Interpersonal intimacy and interracial marriage was the greatest threat to systems of racial subjugation, because anything that would allow human conscience to assert itself and see subjugated human beings as such would make it impossible for people to support those systems. We continue to struggle against the ways we have been conditioned to resist interracial intimacy, black/white interracial intimacy in particular. The simple existence of interracial marriage, in and of itself, is less significant than the psychological challenge it represents to our conditioned acceptance of enforced social distance between racial groups, and the social bonds it forges between racially disparate families and communities.

    • 239Days

      “Interpersonal intimacy and interracial marriage was the greatest threat to systems of racial subjugation” …very interesting observation. 

      • Karridine

         Indeed, inasmuch as “Interpersonal intimacy and interracial marriage was the greatest threat to systems of racial subjugation” dissolves the objectification of the subjugated humans, allowing US to see THEM as US… and ooh! ouch! yow! they can’t be US because, uhm, they… we… uhm, hey! just use the right restrooms, boy!

        • 239Days

          Though, to be fair, segregated restrooms is a thing of the past. Whether one considers the dissolving of that touchstone of prejudice to be a great leap or a small increment, there most certainly is progress.

        • Ndchase

          The ancients were more enlightened. Moses had a black wife, Ziporah. King Solomon loved the Queen of Sheba, and many of their descendents live in Israel and Ethiopia.

  • Loie Mead

    I think the impact of interracial marriage has had on American society is proving enormous.  The development is still too recent for us to fully measure as we are still in the process; however, the benefits are with us every day in America. Dear ‘Abdu’l-Baha! Two of my children have intermarriages, both bringing bright and beautiful grandchildren who care about “setting the world right”.  Their marriages have opened up our family, advanced our understanding, helped us all  to see how much the Creator loves His Creation. Interracial marriage (spiritually lived), actively heals the injuries and separation of the past.  To a great degree the result is family unity AND we know what that means!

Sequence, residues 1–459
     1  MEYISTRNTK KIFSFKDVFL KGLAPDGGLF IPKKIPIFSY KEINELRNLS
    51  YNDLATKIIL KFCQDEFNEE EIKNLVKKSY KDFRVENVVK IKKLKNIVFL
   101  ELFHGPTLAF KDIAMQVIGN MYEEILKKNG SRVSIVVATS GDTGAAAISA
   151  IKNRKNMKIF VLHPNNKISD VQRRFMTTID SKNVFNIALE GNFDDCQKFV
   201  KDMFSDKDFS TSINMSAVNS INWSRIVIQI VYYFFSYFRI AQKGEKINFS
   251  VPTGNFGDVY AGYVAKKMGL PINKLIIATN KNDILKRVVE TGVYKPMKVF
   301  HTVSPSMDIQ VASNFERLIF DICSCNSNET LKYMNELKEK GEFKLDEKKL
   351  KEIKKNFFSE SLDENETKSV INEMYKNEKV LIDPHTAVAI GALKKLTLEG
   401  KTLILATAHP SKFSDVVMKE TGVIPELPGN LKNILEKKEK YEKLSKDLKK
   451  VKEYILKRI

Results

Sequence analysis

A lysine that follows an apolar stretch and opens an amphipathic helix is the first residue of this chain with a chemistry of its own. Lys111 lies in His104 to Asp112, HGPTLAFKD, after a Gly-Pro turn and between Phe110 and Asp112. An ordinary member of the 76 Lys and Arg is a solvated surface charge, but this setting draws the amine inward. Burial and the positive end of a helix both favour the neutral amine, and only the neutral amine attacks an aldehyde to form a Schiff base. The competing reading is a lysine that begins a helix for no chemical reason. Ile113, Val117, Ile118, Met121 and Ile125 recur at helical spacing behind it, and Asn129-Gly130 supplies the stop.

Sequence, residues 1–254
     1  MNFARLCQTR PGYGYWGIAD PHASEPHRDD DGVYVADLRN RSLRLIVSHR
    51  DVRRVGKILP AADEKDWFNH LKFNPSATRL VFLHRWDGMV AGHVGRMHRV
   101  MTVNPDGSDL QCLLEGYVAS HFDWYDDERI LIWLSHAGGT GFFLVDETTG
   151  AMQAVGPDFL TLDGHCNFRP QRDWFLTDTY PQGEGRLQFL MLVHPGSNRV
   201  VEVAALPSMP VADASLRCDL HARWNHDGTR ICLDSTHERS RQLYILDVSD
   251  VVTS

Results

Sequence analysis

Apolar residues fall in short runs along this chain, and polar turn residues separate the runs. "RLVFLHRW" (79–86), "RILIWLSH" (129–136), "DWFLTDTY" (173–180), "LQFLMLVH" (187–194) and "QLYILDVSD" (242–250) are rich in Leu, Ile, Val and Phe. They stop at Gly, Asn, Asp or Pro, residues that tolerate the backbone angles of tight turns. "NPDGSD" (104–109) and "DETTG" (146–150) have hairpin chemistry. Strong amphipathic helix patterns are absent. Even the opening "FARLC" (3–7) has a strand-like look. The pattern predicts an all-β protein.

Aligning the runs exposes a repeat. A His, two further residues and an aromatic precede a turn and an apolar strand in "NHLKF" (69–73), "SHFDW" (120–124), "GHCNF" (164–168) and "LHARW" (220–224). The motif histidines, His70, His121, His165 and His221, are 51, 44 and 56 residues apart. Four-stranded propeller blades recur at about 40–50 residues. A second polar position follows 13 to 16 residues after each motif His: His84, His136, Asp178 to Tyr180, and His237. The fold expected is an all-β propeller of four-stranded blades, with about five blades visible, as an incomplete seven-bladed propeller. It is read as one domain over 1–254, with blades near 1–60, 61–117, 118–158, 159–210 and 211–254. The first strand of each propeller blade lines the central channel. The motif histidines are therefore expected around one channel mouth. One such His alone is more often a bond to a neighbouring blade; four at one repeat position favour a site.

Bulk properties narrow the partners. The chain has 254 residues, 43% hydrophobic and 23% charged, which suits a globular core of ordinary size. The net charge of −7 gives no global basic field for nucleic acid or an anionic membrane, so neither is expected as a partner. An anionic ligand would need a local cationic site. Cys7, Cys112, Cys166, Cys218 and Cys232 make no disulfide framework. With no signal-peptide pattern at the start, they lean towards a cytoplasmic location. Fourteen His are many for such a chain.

• 239Days

      I agree completely about the impact of interracial marriage being enormous, and your thoughts about being too close to the process (which is a transition that’s really rooted in the 20th century) are likely quite accurate. As the decades and centuries pass, the full impact of racial harmony that leads to marriage will be much clearer. I also think you’re right about it healing injuries and separations of the past; where can there be room for resentment and enmity when you’re in the process of living with and building a family with someone for 50+ years? That’s a heavy anchor to drag, for certain.

      I want to just take a moment to mention with respect that not all the people who read 239 Days are Baha’is, and so when you refer to Abdu’l-Baha as “Master”, not everyone will be able to follow your conversation easily. Just food for thought.

      Thanks again for all your comments. They’re a pleasure to read.

    • Karridine

       Well put!
      Sometimes, as we go about our lives in those ‘interracial’ marriages, we might inadvertently drift into a musing state, where we see spirits, loving other spirits, acting lovingly, and race never even crosses our minds… 😀

  • Anita

    Loie Mead — What a joy it was to read your comment below. My sense about the impact is in total agreement with what you articulated so well. My heart is always deeply moved by the story of The Master, Louis, and Louise, but you “iced the cake” with the description of your beautiful family…pure and sweet evidence of what Abdu’l-Baha knew regarding the unifying results of intercultural marriage. (I use intercultural as I have always believed there is one race–human.) I have always marveled that with the exception of the “e”, every letter of their first names is identical.